Jeezy was also in attendance, and snapped a pic with his fellow ‘born legend.’

More at TMZ

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Official Charts Flashback 1998: Madonna – Frozen

With many of us experiencing a cold snap this week, it’s seems fitting that this week’s Flashback looks back at Madonna’s Frozen, which was Number 1 on the Official UK Singles Chart 20 years ago this week. 

The pop comeback that all other pop comebacks are measured against, Frozen was the beginning of a bold new direction for Madonna. She’d previously dabbled in maturer-sounding pop on albums Bedtime Stories and Erotica, but together with producer William Orbit and songwriter Patrick Leonard, Frozen and its parent album Ray Of Light saw her take things a step further, delving into dance music of the deeply spiritual kind.

Orbit’s signature ambient electronica sound proved the perfect match for Madge, who in the years previous had given birth to her daughter Lourdes, gained an interest in Kabbalah and Eastern mysticism and had taken on the title role on the film adaptation of the musical Evita. The resulting Frozen was a grand yet uncomplicated statement about her new perspective on life.

The song’s icy, gothic music video was shot by British artist Chris Cunningham and sees Madonna shape shifting into a flock of crows and a black dog in the middle of the desert. The symbolism of it all! Praise from the critics was unanimous and the visual was even awarded an MTV Music Video Award in 1998. 

Frozen was Madonna’s first single to debut at Number 1 in the UK, shifting 196,604 copies in its opening week. It’s total combined sales to date stand at 582,353, split between 560,000 physical sales/downloads and 2.2 million streams. It’s her ninth bestseller in the UK – check out the full Top 40 here.

Read back our interview with William Orbit about working on Madonna’s Ray Of Light and Frozen from 2015 here

Elsewhere in the Official Singles Chart Top 40 this week in 1998, Madonna had knocked Cornershop’s Brimful Of Asha down to 3 after one week at the top, and British band Space scored their biggest chart hit with The Ballad Of Tom Jones ft. Cerys Matthews (of Cataonia fame) at Number 4. 

The Top 10 also featured two songs that would go on to be huge hits; Leanne Rimes’ How Do I Live at 7 and Robyn’s Show Me Love at 8.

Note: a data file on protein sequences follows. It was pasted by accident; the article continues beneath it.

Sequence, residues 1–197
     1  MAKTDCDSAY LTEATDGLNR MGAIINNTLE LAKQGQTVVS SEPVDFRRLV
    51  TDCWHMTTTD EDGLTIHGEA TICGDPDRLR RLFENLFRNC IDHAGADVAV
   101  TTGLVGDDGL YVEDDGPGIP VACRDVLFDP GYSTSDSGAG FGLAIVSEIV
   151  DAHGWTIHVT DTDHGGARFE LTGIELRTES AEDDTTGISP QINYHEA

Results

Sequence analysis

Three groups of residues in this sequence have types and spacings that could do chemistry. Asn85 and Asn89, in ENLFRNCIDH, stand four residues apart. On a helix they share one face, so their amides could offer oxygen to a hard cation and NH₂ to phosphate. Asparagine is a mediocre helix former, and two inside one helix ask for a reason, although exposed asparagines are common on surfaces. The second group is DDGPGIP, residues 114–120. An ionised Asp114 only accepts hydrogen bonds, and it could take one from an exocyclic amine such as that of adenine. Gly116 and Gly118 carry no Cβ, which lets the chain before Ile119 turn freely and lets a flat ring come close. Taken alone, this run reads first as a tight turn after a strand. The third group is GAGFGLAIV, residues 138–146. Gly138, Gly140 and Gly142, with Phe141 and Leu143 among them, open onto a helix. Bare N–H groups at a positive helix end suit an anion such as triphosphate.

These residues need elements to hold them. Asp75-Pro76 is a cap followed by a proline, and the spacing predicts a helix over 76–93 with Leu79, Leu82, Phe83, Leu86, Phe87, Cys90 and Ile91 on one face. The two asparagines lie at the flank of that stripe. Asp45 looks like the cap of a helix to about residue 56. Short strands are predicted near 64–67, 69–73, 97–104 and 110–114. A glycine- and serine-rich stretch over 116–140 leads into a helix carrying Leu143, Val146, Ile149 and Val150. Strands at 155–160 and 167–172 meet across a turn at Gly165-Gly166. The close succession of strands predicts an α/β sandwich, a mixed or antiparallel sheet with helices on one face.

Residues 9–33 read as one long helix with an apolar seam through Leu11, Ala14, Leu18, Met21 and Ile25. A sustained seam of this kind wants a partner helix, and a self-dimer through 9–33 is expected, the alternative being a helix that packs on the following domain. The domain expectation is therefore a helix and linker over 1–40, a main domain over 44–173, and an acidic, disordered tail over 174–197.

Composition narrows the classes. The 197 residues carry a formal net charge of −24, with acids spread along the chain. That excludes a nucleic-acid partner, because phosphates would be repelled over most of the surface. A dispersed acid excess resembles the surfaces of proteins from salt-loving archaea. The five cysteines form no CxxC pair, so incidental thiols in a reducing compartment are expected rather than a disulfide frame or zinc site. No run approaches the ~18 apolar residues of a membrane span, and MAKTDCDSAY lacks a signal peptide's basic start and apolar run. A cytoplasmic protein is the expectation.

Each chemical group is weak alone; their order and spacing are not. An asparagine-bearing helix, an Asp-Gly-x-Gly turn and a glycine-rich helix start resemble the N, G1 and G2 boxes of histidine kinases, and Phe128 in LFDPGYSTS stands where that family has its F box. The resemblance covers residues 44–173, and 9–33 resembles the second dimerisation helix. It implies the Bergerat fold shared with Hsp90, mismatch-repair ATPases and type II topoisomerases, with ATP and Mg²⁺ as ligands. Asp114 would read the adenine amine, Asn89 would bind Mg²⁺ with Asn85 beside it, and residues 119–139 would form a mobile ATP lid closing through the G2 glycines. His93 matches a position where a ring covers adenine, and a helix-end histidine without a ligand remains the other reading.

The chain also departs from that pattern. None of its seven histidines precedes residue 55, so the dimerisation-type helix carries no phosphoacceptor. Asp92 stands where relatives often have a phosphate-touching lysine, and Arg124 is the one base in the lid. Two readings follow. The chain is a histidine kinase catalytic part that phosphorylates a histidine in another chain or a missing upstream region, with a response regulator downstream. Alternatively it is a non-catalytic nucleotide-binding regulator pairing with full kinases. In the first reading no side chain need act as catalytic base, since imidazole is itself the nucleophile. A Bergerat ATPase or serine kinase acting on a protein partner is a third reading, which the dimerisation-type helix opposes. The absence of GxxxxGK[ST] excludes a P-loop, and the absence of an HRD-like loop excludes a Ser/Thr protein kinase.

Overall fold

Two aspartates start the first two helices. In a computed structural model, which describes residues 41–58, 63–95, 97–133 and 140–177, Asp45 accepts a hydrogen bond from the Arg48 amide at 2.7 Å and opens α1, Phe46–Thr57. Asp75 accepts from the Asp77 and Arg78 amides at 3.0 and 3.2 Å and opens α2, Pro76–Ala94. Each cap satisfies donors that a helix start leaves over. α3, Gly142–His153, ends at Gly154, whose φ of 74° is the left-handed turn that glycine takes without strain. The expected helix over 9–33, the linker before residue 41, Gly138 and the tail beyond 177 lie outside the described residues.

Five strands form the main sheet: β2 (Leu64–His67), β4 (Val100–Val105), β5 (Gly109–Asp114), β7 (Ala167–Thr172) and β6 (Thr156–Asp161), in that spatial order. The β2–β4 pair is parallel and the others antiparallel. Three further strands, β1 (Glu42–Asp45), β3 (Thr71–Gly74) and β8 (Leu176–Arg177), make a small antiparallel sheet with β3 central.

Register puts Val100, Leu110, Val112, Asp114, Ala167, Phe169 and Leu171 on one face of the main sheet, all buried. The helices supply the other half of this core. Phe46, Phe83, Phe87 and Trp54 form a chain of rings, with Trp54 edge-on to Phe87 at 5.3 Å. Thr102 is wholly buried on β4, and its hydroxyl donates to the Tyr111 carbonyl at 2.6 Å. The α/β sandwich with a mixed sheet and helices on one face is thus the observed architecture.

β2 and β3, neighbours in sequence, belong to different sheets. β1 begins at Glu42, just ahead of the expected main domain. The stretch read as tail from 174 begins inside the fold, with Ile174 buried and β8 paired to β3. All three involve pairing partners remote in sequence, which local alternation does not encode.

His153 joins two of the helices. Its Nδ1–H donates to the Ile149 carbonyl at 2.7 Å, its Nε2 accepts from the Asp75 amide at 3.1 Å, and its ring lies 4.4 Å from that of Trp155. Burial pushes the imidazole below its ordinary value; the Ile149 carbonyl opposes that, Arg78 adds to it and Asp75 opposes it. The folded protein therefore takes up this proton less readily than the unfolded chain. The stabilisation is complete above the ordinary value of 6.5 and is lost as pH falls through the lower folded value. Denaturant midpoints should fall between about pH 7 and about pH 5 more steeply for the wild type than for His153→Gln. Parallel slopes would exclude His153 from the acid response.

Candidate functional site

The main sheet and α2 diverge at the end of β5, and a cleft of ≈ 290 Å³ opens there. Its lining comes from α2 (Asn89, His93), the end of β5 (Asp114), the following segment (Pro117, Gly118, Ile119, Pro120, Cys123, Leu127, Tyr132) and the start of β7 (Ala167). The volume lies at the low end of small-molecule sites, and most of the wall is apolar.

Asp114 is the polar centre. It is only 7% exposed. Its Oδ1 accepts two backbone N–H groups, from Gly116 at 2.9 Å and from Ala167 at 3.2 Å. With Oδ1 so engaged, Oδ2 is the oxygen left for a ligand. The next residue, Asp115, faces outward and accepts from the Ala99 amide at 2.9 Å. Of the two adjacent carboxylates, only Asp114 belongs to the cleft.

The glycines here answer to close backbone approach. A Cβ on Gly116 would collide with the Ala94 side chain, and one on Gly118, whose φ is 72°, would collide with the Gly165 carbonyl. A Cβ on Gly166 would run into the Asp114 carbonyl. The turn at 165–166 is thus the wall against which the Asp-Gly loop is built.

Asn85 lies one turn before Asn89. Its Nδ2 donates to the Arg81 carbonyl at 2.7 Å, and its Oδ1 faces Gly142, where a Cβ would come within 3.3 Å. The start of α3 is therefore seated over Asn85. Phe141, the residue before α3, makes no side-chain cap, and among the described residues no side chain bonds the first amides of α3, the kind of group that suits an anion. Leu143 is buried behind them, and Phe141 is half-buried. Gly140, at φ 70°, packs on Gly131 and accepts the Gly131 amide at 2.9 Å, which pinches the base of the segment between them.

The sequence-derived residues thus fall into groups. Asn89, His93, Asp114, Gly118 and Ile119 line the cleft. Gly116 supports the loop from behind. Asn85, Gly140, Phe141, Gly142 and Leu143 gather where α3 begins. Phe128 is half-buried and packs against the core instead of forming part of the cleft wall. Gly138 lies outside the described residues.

View the full Top 100 Official Singles Chart from this week in 1998 

Listen to the UK Top 40 from this week in 1998 on our streaming channels! Subscribe to our weekly Flashback playlist on SpotifyDeezerApple Music:

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Madonna’s Ray of Light 20 years on: still the peak of empowered pop

The year is young, but Grammy chieftain Neil Portnow’s suggestion that female artists need to “step up” will take some beating for tone-deafness. To help today’s heroines unseat the likes of Bruno Mars, he might look to the 1999 ceremony

The 41st edition of the awards properly reflected the female energy coursing through late 90s mainstream music. Only one out of 10 nominees for the record and album of the year categories was male-fronted, while Shania TwainSheryl Crow and Garbage’s Shirley Manson were all in their mid-30s; The Miseducation of Lauryn Hill ran out eventual winner in the album bracket. Madonna, snubbed in any meaningful category for so long, also finally got her dues. She took home three for Ray of Light and its title track. But, if anything, the album’s stock was modest then compared to now.

Ray of Light is probably Madonna’s most widely acknowledged classic. It is held as a high-water mark of pop-as-art, a work that still rings out as believable and true from a star who adopts and discards phases, passions and philosophies at pace. That era of Madge inspired half a catwalk’s worth of memorable looks (she was variously a geisha, a gothic witch, a gap-year student and a raven-haired mother reborn over rushing skylines), with such a superabundance of hits that Sky Fits Heaven was withheld as a single so as not to cannibalise the title track’s success.

Last week saw an outpouring of celebratory 20th-anniversary articles; later this week, London gay club the Glory is throwing a two-stage celebration of everything Ray of Light. Even for a cabaret haunt, the amount of effort being poured into one-time-only tribute costumes speaks to the devotion of this period.

Madonna’s look for Frozen, recreated by Margo Marshall, who will appear at the Glory’s Ray of Light cabaret event.
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 Madonna’s look for Frozen, recreated by Margo Marshall, who will appear at the Glory’s Ray of Light cabaret event. Photograph: Alexander Nunney

The album sold well in the US but didn’t exactly shatter the charts. By the end of 1998, it had sold just shy of 2.7m copies, ranking 18th in the Billboard end-of-year rundown. (Which illustrates how charged the market was then; last year’s bestselling physical release, Ed Sheeran’s ÷, managed sales of only 1.1m.) It’s consistently strong front-to-back, but only Frozen could reasonably be regarded as a contender for her greatest-ever song. William Orbit’s aquatic sound palette was a fine match, but so too was Mirwais Ahmadzaï’s mechanised funk on 2000 follow-up LP Music, yet Mirwais doesn’t field interviews about his impact to this day. So why does Ray of Light merit the obsession?

For one, the themes tackled are more complex than your usual dance-pop smash. She reconciles her complicit role as a bratty star in a male-controlled industry (Nothing Really Matters), the breakdown of love with Lourdes’ father, Carlos Leon (Frozen), and, purportedly, her stormy marriage to Sean Penn (The Power of Good-Bye). For Anna Cafolla, the Quietus pop critic who had an Irish-Catholic upbringing, the stark closer Mer Girl, wherein Madonna lets loose the weight of witnessing her mother’s overgrown grave, hit home hardest: “Lush, haunting, one I still feel particularly close to as a woman now … It also makes me want to give my own mum a really big hug.”